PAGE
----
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Cheika ain't going down wondering

Michael Chekia. (AAP Image/ David Rowland)
Roar Guru
18th August, 2017
57
2410 Reads

Despite initially participating in the collective groan on The Roar about Michael Cheika’s selections for the first Bledisloe Cup Test, I thought it would be worthwhile considering what they might actually mean.

In particular the light and short back row plus a midfield that is talented in attack but not defence, are characteristics that has Wallabies fans worried.

This flies in the face of the approach of Home Nation teams who have seriously challenged the All Blacks lately, with their bruiser forwards winning the battle of inches, and defensively and offensively balanced backlines waiting to snatch scoring opportunities.

In contrast, Cheika has never wavered from his objective of playing “Australian running rugby” ethos, rather than giving up and playing a kick and territory based game to compete against the All Blacks. Cheika’s stated is belief is that the Wallabies should stick to running rugby and just learn to “do it better”.

Personally I am sceptical of the approach as it seems to me to be very low percentage, with a forced, flashy attack having many more critical points of failure than a game plan emphasising a simple, well organised defence combined with a good kicking game. However, Cheika is clearly the go hard or don’t go at all type, so I guess the default option for Aussie rugby fans is to enjoy seeing whether or not he can finally get it right. If he doesn’t, I doubt that his position as head coach will be sustainable beyond the end of this year and the Wallabies two years before the 2019 World Cup to change direction under a new coach. From a glass half full perspective, it is win-win for the fans.

Looking at Cheika’s starting backrow selections, it is clear to see how they would support his approach. Ned Hanigan, Michael Hooper and Sean McMahon may be on average light and short for an international side back row, but they are all young, fit and fast. This means that they are going to be able to keep pace with a wide, high tempo attack and clean out to secure the ball before the larger All Black forwards arrive, or alternatively to act as a link player.

Given the attacking quality of the Wallabies backs, I find it hard to believe that with sufficient possession, this mix of players won’t score tries.

Of course there is the matter of not letting the All Blacks score tries either, something which is a concern given the average to poor defensive records of the majority of the back line. However, the back row’s line speed and work rate may help compensate for this, by putting significant pressure on the All Blacks inside backs and kick receivers and forcing the All Blacks to kick.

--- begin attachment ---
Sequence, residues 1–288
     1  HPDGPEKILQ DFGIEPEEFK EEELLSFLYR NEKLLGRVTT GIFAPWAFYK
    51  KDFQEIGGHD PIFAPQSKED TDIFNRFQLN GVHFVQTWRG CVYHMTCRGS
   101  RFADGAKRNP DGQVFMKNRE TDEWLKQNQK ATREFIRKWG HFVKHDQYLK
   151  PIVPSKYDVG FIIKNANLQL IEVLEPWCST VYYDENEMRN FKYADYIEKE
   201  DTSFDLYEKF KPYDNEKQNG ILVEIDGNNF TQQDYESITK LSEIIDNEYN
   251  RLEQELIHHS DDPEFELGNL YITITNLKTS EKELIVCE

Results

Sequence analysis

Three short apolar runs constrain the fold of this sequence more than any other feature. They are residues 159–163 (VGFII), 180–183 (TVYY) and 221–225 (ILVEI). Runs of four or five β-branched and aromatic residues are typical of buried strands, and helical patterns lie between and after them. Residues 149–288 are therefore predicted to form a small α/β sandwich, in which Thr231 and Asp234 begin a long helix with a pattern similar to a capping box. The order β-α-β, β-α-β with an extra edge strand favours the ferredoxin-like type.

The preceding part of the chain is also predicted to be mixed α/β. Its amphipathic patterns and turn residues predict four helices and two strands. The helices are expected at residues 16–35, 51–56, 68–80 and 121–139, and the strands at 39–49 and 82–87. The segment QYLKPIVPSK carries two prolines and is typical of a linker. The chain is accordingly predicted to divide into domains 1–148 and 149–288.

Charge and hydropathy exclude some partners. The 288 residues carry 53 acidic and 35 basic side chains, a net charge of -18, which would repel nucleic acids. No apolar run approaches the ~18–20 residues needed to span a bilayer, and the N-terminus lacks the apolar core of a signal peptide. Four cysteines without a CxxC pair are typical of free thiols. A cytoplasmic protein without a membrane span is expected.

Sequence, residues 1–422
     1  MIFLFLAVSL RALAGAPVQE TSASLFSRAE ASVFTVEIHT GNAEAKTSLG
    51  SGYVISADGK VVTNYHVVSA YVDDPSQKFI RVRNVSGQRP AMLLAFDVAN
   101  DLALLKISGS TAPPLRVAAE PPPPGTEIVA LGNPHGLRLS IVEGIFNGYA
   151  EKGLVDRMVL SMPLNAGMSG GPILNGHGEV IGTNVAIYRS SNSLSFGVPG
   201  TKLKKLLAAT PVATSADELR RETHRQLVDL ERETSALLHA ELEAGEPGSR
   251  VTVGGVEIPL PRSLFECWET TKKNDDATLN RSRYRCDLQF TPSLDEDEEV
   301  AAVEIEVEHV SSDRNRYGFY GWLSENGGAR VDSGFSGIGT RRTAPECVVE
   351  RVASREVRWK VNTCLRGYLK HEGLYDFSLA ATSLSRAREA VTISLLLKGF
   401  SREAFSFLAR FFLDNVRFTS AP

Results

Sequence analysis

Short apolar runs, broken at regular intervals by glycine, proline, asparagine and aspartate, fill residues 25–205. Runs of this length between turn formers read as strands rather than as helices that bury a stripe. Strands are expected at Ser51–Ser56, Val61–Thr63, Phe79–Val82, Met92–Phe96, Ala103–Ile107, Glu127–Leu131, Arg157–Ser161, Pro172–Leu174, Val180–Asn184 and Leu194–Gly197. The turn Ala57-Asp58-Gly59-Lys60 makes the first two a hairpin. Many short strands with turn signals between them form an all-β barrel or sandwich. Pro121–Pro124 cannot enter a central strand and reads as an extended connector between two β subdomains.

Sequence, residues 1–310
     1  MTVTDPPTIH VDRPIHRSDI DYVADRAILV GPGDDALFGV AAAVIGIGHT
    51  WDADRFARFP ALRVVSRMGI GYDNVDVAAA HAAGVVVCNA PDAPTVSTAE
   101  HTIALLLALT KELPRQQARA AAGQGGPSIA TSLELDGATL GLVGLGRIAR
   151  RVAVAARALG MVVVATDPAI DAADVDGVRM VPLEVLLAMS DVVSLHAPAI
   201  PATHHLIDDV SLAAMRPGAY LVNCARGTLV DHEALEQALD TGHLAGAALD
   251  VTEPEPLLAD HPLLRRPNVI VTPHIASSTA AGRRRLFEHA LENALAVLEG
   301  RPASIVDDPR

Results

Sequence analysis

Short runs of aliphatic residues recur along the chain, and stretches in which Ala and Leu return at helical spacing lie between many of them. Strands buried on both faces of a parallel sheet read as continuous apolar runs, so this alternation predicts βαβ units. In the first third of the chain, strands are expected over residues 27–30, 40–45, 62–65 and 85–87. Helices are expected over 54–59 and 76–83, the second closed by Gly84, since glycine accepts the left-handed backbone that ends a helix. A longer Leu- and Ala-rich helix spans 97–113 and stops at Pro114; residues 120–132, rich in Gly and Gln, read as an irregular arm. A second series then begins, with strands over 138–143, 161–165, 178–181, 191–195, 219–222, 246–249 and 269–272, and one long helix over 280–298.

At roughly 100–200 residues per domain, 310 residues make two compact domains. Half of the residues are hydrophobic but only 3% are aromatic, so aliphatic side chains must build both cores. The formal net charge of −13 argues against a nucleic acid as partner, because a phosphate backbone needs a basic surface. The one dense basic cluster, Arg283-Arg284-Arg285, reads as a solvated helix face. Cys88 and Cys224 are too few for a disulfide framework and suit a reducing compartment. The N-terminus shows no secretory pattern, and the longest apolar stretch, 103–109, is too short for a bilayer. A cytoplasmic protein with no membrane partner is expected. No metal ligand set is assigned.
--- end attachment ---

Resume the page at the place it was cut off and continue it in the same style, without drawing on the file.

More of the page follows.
Michael Hooper Wallabies

(AAP Image/David Moir)

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With this back row the previous season’s wobbly lineout should actually improve compared to when David Pocock was teamed with Hooper, with Hanigan being a primary and McMahon a very credible secondary jumper. The key weakness with this back row is that they are disadvantaged in the battle of the muscle in tight, so it is really up to the tight five to step up there.

To me what these selections point to is that the Wallabies will attempt to play the same sort of high tempo attacking game that they played last season, where they scored early tries and had respectable scorelines in the first 50 to 60 minutes. The problem has been that the pace has proven to be impossible to maintain, with teams getting past them in the final quarter of the game.

However, in this instance Cheika’s bench selections may be instructive. Tatafu-Polota Nau, Rob Simmons, Lopeti Timani, Reece Hodge and Tevita Kuridrani are all very solid defenders, so I suspect Cheika may have selected them as finishers with the intent of holding a lead that the Wallabies might achieve. Could it be a piece in the puzzle to Cheika’s holy grail of successfully playing the game ‘the Australian Way’? We will have to wait and see.

michael-cheika-australia-rugby-union-wallabies-2016

(AP Photo/Alastair Grant)

Suffice to say success depends on the Wallabies improving on a whole range of other matters over the June Tests, with defensive organisation and all aspects of the kicking game. But if the Wallabies have used their month together wisely, I wouldn’t write Cheika’s approach as producing a competitive game against the All Blacks, even if the gap in class between the two teams is currently too great to expect a win.

A respectable performance, even a narrow loss, would at least give Australian fans something to look forward when the Wallabies play more mortal teams during the remainder of the year. And if the Wallabies can build on the approach to beat those other teams, it Cheika’s international coaching career might be saved from imploding to the tune of the old Frank Sinatra classic, My Way.